• Evaluating the student's completion of proficiency requirements.
  • Developing the Plan of Study.
  • Conducting the annual review (see Reasonable Rate of Progress).
  • Reviewing and approving the research proposal.
  • Conducting the comprehensive examination.
  • Guiding the research activities.
  • Overseeing the writing and defense of the dissertation.
  • Maintaining high standards of scholarship and ethical behavior.
  • Administering correction and disciplinary actions when necessary.

At this point, the student should submit a completed Qualifying Examination Results and Doctoral Committee Approval form (form D-1) (PDF) to the Graduate Coordinator. The Coordinator will submit the completed form to the director of graduate studies and the graduate dean.

Development of the Plan of Study

The Doctoral Program Committee and the student will prepare a Plan of Study. This generally should be done within the first 12 months after entering the program. The sooner the Plan of Study is prepared, the easier it is to complete in a reasonable length of time.

The Plan of Study includes a list of the formal courses, readings, problems, research hours and seminars that the students will use to fulfill the requirements for the doctoral degree. MU requires a minimum of 72 semester hours beyond the baccalaureate degree for the Ph.D. If approved by the student's Doctoral Program Committee, this may include 30 hours from an M.S. degree or graduate credit earned at MU or another institution.

A minimum of fifteen hours (exclusive of research, problems or independent study courses) must be at the graduate level. In addition, there will be a minimum of four hours of seminar and at least six hours of research. Enrollment in Research Methods is strongly recommended.

Classes chosen to fill the Plan of Study may include those needed to fulfill proficiency areas if approved by the student's Doctoral Program Committee. Other courses should be chosen to strengthen the student's ability to do research in their specific area. Once the Plan of Study has been developed, the student should submit the Plan of Study for the Doctoral Degree form (D-2) (PDF) to the graduate coordinator. The coordinator will submit the completed form to the director of graduate studies and the graduate dean.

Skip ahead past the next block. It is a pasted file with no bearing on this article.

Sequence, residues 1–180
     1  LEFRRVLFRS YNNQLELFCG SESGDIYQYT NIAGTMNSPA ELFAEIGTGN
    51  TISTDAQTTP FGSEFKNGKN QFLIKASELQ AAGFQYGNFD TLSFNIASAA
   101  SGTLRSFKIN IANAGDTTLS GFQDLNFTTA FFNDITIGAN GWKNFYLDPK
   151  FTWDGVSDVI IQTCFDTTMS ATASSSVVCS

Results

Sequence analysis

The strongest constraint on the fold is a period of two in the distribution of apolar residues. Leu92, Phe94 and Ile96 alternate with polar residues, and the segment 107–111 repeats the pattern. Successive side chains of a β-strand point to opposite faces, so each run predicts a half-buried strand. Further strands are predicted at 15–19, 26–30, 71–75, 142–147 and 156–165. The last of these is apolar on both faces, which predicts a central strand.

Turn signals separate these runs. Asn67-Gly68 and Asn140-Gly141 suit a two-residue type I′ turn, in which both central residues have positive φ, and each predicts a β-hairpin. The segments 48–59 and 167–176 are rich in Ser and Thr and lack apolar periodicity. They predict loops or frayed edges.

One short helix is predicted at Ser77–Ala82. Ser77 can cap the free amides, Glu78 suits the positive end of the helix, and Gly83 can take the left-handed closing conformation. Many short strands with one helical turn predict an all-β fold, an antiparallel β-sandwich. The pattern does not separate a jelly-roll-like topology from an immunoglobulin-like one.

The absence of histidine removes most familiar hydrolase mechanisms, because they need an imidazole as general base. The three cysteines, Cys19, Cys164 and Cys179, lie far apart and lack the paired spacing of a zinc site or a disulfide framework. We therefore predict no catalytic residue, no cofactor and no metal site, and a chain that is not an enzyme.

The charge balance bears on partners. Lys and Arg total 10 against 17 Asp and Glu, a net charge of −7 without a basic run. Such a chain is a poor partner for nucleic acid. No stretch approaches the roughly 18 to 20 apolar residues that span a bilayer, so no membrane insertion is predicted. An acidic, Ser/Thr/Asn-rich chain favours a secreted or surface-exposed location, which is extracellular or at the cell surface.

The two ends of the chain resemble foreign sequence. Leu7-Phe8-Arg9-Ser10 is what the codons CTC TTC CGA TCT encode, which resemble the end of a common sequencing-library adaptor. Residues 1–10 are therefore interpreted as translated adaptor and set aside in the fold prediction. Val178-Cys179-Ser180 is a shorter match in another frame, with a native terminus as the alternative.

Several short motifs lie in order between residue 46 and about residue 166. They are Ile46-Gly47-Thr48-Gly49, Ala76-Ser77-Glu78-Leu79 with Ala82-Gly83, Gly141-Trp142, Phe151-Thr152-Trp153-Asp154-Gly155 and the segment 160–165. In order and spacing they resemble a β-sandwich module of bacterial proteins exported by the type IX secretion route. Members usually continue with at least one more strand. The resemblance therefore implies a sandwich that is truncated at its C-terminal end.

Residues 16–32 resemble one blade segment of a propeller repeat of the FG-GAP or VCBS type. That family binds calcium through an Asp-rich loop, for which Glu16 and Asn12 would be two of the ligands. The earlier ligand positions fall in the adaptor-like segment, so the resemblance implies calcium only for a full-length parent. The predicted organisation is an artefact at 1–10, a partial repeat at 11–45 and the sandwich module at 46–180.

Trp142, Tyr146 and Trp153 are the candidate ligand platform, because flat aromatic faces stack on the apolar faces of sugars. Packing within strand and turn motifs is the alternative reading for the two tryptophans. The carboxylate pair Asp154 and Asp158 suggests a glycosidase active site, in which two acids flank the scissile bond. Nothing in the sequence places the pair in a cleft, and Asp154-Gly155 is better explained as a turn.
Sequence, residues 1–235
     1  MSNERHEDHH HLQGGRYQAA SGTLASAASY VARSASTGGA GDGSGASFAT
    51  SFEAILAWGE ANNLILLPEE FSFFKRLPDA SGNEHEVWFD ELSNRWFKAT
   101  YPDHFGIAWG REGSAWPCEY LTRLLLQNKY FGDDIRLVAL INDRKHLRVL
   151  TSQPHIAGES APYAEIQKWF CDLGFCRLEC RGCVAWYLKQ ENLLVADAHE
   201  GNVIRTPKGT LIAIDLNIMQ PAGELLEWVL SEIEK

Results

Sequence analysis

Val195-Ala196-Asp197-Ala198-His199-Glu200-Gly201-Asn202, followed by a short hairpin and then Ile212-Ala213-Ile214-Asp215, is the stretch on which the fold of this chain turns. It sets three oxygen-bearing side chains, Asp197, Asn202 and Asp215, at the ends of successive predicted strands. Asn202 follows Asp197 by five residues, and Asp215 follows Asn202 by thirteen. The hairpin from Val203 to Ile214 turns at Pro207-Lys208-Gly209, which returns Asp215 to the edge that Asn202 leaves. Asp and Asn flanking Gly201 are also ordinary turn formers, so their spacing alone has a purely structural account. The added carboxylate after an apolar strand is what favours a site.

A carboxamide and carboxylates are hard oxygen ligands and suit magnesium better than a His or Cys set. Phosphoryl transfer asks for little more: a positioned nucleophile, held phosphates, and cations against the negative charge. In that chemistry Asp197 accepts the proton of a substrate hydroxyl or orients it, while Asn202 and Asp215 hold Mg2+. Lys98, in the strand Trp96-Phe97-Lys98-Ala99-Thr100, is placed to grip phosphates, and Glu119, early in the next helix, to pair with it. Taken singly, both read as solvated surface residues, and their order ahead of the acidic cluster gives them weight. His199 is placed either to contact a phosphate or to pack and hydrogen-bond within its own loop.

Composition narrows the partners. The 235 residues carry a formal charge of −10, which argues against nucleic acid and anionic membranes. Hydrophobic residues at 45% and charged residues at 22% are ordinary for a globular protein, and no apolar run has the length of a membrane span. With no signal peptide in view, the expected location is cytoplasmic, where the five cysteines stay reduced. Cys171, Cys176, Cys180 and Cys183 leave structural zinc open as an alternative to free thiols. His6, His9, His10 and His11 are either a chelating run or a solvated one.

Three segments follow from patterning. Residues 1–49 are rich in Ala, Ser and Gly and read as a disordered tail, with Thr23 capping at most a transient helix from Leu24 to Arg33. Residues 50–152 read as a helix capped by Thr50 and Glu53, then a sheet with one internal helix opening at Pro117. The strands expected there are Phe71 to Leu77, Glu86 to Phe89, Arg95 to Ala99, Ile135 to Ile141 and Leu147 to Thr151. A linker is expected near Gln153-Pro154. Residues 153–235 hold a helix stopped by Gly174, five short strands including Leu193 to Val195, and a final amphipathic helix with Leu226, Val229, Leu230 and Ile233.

Preparation of a Research Proposal

Each student will prepare a research proposal following a standard format similar to those required by NIH, NSF or USDA. The subject of the proposal will be determined in consultation with the student's faculty adviser and the Doctoral Program Committee.

The student will submit a copy of the proposal to each member of the Doctoral Program Committee. If the proposal is unacceptable to the committee, the student will be informed of the deficiencies within two weeks after submitting the proposal to the Doctoral Program Committee. The proposal will be revised and resubmitted until the Doctoral Program Committee is satisfied.

Failure to successfully complete a research proposal will result in dismissal from the Ph.D. program. The research proposal must be presented to, defended to, and accepted by the Doctoral Program Committee within 18 months after starting the doctoral program.

Completion of the Plan of Study

A student must substantially complete the course work outlined in the Plan of Study (exclusive of research, problems or readings courses) to the satisfaction of the Doctoral Program Committee and the Graduate School before being declared ready to take the comprehensive examination.

In some unusual circumstances, it may become necessary to change a Plan of Study after it has been developed by the student and the Doctoral Program Committee. Any substitutions, deletions or modifications of a student's Plan of Study must be approved by the Doctoral Program Committee.

The student's academic adviser should inform the graduate program coordinator, in writing, of any necessary changes as soon as possible to assure that the proper paperwork is filed with the graduate dean.

Successful academic progress on the Plan of Study includes an acceptable grade point average (GPA). For graduate work, the Food Science program faculty and the MU Graduate School require all students to maintain at least a cumulative 3.0 GPA (on a four-point scale). A student receiving a cumulative or semester GPA of less than 2.0 is subject to immediate dismissal from the Food Science program and MU.

Students falling below a 3.0 cumulative GPA in any semester will be put on academic probation for the following semester. If at the end of the first probationary semester the student's cumulative GPA is greater than or equal to 3.0, the probationary status is removed. If the cumulative GPA has not reached 3.0, the student is allowed one more probationary semester.